Liver X Receptor Activation Promotes Polyunsaturated Fatty Acid Synthesis in Macrophages
Relevance in the Context of Atherosclerosis
Objective—Liver X receptors (LXRs) modulate cholesterol and FA homeostasis as well as inflammation. This study aims to decipher the role of LXRs in the regulation of polyunsaturated fatty acid (PUFA) synthesis in macrophages in the context of atherosclerosis.
Approach and Results—Transcriptomic analysis in human monocytes and macrophages was used to identify putative LXR target genes among enzymes involved in PUFA biosynthesis. In parallel, the consequences of LXR activation or LXR invalidation on PUFA synthesis and distribution were determined. Finally, we investigated the impact of LXR activation on PUFA metabolism in vivo in apolipoprotein E–deficient mice. mRNA levels of acyl-CoA synthase long-chain family member 3, fatty acid desaturases 1 and 2, and fatty acid elongase 5 were significantly increased in human macrophages after LXR agonist treatment, involving both direct and sterol responsive element binding protein-1–dependent mechanisms. Subsequently, pharmacological LXR agonist increased long chain PUFA synthesis and enhanced arachidonic acid content in the phospholipids of human macrophages. Increased fatty acid desaturases 1 and 2 and acyl-CoA synthase long-chain family member 3 mRNA levels as well as increased arachidonic acid to linoleic acid and docosahexaenoic acid to eicosapentaenoic acid ratios were also found in atheroma plaque and peritoneal foam cells from LXR agonist–treated mice. By contrast, murine LXR-deficient macrophages displayed reduced expression of fatty acid elongase 5, acyl-CoA synthase long-chain family member 3 and fatty acid desaturases 1, as well as decreased cellular levels of docosahexaenoic acid and arachidonic acid.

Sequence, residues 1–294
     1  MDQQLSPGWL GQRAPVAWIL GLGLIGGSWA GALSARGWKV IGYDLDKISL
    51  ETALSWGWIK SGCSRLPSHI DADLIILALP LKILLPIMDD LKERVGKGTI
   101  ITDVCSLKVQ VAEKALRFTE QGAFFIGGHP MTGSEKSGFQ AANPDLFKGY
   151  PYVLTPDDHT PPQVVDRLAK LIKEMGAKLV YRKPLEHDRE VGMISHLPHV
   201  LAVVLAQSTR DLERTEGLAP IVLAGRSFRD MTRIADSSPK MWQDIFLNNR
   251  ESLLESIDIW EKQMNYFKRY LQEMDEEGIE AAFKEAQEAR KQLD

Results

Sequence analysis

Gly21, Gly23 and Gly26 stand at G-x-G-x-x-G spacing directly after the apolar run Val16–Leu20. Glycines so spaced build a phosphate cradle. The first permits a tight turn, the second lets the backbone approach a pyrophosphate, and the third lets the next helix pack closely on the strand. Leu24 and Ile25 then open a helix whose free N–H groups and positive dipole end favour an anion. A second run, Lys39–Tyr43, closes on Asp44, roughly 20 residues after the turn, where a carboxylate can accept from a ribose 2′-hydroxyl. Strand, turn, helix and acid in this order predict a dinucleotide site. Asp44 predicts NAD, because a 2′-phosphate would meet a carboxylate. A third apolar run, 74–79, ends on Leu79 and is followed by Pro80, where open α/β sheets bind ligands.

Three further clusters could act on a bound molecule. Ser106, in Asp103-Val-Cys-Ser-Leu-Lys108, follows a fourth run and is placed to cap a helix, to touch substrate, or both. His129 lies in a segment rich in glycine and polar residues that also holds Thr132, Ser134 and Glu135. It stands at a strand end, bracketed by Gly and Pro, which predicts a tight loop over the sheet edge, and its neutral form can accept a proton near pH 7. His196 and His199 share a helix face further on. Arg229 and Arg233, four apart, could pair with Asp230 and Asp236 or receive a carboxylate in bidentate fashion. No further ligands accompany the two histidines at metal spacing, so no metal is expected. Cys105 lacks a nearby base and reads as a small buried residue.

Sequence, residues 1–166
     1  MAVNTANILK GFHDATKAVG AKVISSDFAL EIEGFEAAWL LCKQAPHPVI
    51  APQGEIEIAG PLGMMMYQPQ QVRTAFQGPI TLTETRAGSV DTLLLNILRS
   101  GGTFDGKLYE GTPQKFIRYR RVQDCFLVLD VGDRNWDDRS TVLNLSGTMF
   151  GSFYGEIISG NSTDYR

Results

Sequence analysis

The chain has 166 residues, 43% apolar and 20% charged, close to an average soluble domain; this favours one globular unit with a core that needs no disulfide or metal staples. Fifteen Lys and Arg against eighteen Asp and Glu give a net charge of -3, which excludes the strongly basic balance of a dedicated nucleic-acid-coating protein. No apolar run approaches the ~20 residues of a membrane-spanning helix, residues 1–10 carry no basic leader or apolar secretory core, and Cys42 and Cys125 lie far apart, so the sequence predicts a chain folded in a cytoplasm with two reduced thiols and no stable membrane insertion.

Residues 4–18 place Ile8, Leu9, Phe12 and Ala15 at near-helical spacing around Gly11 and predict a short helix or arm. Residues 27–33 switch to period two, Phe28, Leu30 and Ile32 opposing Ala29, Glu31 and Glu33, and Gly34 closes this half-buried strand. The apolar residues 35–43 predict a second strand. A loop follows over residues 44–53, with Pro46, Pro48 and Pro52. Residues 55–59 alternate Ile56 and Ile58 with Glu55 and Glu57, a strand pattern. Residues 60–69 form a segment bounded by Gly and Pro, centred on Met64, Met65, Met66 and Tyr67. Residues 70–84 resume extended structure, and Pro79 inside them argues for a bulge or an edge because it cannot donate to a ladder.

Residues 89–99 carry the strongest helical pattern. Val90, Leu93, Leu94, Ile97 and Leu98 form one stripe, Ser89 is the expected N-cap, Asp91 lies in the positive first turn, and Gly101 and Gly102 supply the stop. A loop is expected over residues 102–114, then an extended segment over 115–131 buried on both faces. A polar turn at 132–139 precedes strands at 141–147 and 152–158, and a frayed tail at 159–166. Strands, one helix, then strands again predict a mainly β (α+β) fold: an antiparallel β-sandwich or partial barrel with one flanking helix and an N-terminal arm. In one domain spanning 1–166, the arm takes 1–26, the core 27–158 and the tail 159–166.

Conclusions—Our results indicate that LXR activation triggers PUFA synthesis in macrophages, which results in significant alterations in the macrophage lipid composition. Moreover, we demonstrate here that LXR agonist treatment modulates PUFA metabolism in atherosclerotic arteries.
- Received September 30, 2014.
- Accepted March 18, 2015.
- © 2015 American Heart Association, Inc.